The August 23rd, 1971 Fort Worth tape follows Seattle to roughly replicate concert order. This previously unknown source first surfaced in the mid-nineties and was released by The Diagrams Of Led Zeppelin on Hot August Night (TDOLZ Vol. 42) from second-generation copy. The masters are now hoarded but this is the complete document. The beginning of the show was taped by “Nick” the taper, but he flipped the tape to record the “Whole Lotta Love” medley.
He said to the fanzine Proximity “I think I realized at that point that I was taping over a lot of good stuff from the beginning of the concert, and that I would rather have that than the end of the show. Then I just went home. We would just replay and re-live the concert for the next week or, until the next concert came to town, then the tape would go in the drawer!” (Vol 8, No. 26, July 1997).
It is a very clear and enjoyable fragment capturing a hot performance. Empress Valley comes from the same source as Diagrams and sounds almost identical so there is again no improvement. It begins during the violin bow solo in “Dazed & Confused” and it is a great version with “White Summer” making a soft appearance about sixteen and a half minutes in during the coda section.
“Stairway To Heaven” has an interesting guitar solo. There is a small cut after “Celebration Day” and Plant complains about the heat and lights and asks for the white spotlights to be turned off. The acoustic set usually contained “That’s The Way” and “Going To California” but the latter was dropped for unknown reasons. “Moby Dick” is incomplete cutting out at fifteen minutes into the drum solo.
“Whole Lotta Love” has the standard inclusions in the medley with Plant singing an unknown blues during the early improvisation. The tape captures forty seconds of the first encore “Communication Breakdown”. The sound quality is poor because the taper managed to sneak backstage and began recording the encores from that position until Richard Cole kicked him out. It is a fascinating document and this release is the first time it has appeared on a silver commercial boot in almost a decade.
Hot August Night generated a lot of buzz when it first came out and it is a mystery why other labels didn’t jump on it to make it more common than it is. The original release has been sold out for a long time and Empress Valley did a good job in making it available again. Anything from the seventh US tour has special appeal since it is one of Zeppelin’s most creative and important tours. In place of finding the Diagrams release (nearly impossible these days), Ahead & After is a strong alternative.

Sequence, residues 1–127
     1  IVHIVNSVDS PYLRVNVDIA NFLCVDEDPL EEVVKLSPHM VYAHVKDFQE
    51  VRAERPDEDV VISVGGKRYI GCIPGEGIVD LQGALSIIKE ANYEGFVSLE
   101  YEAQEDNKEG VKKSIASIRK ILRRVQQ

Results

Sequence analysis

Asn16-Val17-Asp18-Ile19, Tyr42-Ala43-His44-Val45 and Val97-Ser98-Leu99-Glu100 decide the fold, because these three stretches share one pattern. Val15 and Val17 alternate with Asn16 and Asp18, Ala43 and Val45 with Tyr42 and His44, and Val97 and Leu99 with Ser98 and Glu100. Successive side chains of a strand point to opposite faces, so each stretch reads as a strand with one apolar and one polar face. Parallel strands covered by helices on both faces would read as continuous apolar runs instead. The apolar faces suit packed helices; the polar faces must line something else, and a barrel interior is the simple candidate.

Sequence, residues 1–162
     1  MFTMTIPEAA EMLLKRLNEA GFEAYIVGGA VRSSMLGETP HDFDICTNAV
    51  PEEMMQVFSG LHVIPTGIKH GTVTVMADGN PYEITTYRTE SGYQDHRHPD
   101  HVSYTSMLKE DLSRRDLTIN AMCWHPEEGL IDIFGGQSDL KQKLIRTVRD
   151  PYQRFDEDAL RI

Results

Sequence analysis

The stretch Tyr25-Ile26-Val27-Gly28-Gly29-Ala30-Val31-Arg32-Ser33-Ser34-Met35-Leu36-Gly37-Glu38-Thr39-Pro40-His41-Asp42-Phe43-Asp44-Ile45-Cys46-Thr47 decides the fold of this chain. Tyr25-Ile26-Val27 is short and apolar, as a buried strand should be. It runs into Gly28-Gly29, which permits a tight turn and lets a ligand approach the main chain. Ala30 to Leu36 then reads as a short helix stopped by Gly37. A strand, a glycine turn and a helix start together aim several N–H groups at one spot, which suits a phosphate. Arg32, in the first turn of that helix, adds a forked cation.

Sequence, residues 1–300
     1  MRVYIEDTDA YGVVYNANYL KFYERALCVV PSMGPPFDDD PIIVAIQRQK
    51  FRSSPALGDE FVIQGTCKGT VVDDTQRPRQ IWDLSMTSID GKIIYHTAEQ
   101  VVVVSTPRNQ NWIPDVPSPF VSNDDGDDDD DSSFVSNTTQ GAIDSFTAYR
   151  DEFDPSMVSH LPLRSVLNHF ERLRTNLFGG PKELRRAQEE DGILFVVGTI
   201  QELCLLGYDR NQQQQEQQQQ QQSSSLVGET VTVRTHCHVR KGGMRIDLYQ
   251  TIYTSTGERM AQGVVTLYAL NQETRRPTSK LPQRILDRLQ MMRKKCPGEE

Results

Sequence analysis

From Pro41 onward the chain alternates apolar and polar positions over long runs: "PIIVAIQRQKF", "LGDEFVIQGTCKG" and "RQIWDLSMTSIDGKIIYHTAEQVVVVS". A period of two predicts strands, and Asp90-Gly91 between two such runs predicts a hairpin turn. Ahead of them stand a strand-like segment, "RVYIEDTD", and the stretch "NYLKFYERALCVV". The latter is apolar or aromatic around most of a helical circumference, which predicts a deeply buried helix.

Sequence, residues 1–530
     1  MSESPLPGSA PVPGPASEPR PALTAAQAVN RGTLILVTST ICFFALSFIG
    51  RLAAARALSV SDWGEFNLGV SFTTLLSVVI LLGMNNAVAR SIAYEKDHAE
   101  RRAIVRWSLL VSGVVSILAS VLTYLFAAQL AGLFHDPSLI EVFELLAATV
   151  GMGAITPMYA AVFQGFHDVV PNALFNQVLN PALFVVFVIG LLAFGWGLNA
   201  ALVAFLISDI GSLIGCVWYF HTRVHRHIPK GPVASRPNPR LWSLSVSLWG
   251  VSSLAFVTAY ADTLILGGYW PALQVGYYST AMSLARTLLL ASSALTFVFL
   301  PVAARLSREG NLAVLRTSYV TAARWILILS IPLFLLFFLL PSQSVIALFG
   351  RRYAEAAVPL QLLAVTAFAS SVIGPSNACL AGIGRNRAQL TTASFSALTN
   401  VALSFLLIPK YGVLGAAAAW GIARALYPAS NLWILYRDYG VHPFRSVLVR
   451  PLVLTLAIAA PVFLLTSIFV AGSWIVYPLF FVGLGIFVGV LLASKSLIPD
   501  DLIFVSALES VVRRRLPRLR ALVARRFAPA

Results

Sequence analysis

Page / Plant “Unledded” filming sessions, Studio Two (London TV Studios), South Bank, London, UK – August 25th, 1994
Disc 3 (62:12): Thank You, What Is And What Should Never Be, The Battle Of Evermore, Gallows Pole, The Rain Song, Since I’ve Been Loving You, Four Sticks, Friends (fragment)
The third disc of this three-disc collection is an hour-long raw soundboard fragment from the “Unledded” sessions in 1994. The tape is very clear although the balance fluctuates between Plant’s vocal and Page’s guitar. It begins with the Arabic music intro and runs until three and a half minutes into “Friends” unfortunately omitting “Kashmir” and “That’s The Way.”
“If you bear with us a minute we just got to plug in” are Plant’s opening words. The bulk of the television program comes from the second night on August 26th and it is great to have the first night in such excellent quality.
They deliver a strong but nervous set with Plant talking a lot between numbers during tunings. There is a short break edited out between “Gallows Pole” and “The Rain Song” and the only negative with the set list is that none of the newer songs like “Yallah” or “Wonderful One” weren’t played. This tape probably could have stood as a solo release but is much better with the older fragments.If you liked this review, buy me a cup of joe. (Suggested: $3 a shot or $7.5 for a double)